You can see how that might make people feel intimidated right?

Anyway, take Everything2 out of the
mix for a moment so that the details can be put aside. We see this happening on
Kuro5hin and a few other sites. Maybe this
closing of the ranks is an inevitable protection mechanism... but with peer
review software becoming
increasingly easy to put up I think it is
a phenomena worth looking into.

posted by soulhuntre at 12:01 AM on October 1, 2001

Take it to MetaEverything2Talk, ya'll.
posted by Optamystic at 4:43 AM on October 1, 2001

I think your "timeline" is very accurate, soulhuntre, from what I have witnessed myself in various forums, which is why I am very concerned about, if not opposed to, the conversion of Metafilter to a peer-review system. Sounds good in theory, but it's very difficult to implement with any success and without great abuses, given how people tend to be.
posted by rushmc at 6:16 AM on October 1, 2001

I still find Metafilter to be an exceptionally good site, and the recent events around 9-11 only prove it. Consistently, I was drawn to interesting and relevant info that would otherwise have slipped past unnoticed. That said, though, irecent events also showed the limits of the system, namely that everyone was posting 9-11 stuff for about two weeks, and comments that should have been in threads showed up on the front page. Ideally, I would see MeFi having sections, similar to kuro5hin, or more likely memepool, where posts get categorized by subject rather than date. I think this would make MeFi even better.

As far as peer-review system goes, don't the thread comments do a good enough job, especially now that the flaming of bad posts has given way to ignoring them. I often find that the number of comments a post gets can be a strong indicator of its quality.
posted by fellorwaspushed at 7:10 AM on October 1, 2001

This is from Dan Cody's blog...
On metafilter today, I was greated with: There have been 587 links and 10913 comments posted since your last visit. Rather than even attempting to wade through the mess trying to pick out something worthwhile, I simply closed the window.. And that sucks, because I really used to enjoy it there.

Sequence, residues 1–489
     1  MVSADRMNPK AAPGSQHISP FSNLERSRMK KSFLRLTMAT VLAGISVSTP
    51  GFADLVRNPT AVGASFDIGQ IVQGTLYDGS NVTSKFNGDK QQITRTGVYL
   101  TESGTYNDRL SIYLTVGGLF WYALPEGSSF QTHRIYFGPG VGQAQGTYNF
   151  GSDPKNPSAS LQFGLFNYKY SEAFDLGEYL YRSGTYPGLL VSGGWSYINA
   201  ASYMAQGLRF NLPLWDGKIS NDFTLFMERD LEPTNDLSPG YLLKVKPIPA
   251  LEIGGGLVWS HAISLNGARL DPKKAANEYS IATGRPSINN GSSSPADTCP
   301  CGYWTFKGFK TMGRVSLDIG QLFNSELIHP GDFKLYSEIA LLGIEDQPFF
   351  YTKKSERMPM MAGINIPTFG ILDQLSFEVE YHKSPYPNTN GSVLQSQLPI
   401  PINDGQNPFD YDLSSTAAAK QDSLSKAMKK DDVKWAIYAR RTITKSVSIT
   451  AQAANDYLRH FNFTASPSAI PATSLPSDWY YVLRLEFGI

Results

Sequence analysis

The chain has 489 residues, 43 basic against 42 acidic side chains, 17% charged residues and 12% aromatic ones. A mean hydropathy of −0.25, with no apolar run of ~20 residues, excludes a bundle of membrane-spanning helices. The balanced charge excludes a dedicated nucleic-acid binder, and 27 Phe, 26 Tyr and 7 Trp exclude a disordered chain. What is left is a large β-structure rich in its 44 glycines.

Now it's turned into a place where the objective of most people is to post supporting arguments for their own opinion to get other people to support them, to get pissed off at them, or to advance their own agenda by making it seem that because they posted a piece which supports thier opinion, their opinion is valid and correct.

And as anyone who's ever been to a party where people regurgitate known - but one sided - opinions and mis-construed facts for the sake of advancing their own opinion/agenda, that is when its time to grab your coat and find another party.
I'm new to MeFi myself, but I've bailed-out of another online forum I formerly enjoyed when it became too crowded and noisy, so I know what Dan means. (I'm not very active in these discussions and don't plan to be; mostly I just want to check out the links.)
posted by StOne at 7:16 AM on October 1, 2001

> On metafilter today, I was greated with: There have
> been 587 links and 10913 comments posted since your
> last visit. Rather than even attempting to wade through
> the mess trying to pick out something worthwhile, I
> simply closed the window..

That's why the "catch-up" button in newsreaders was so useful in very active newsgroups. It meant "mark everything as read and just show me new stuff as of now and if I missed anything wonderful while I was gone, well, is too bad."
posted by jfuller at 11:39 AM on October 1, 2001

> That's why the "catch-up" button in newsreaders was
> so useful in very active newsgroups...

Ah, when the Usenet newsgroups contained the bulk of Internet open dialogue, now _those_ were the good ol' days. (Honest, I'm being sincere, here.)
posted by gee at 6:43 PM on October 1, 2001

On metafilter today, I was greated with: There have been 587 links and 10913 comments posted since your last visit.

And it is somehow OUR fault because he doesn't visit often??

too crowded and noisy

Life is too crowded and noisy (or "popular and vigorous," to use terms with less negative connotation), but some good does come of it occasionally.
posted by rushmc at 7:39 PM on October 1, 2001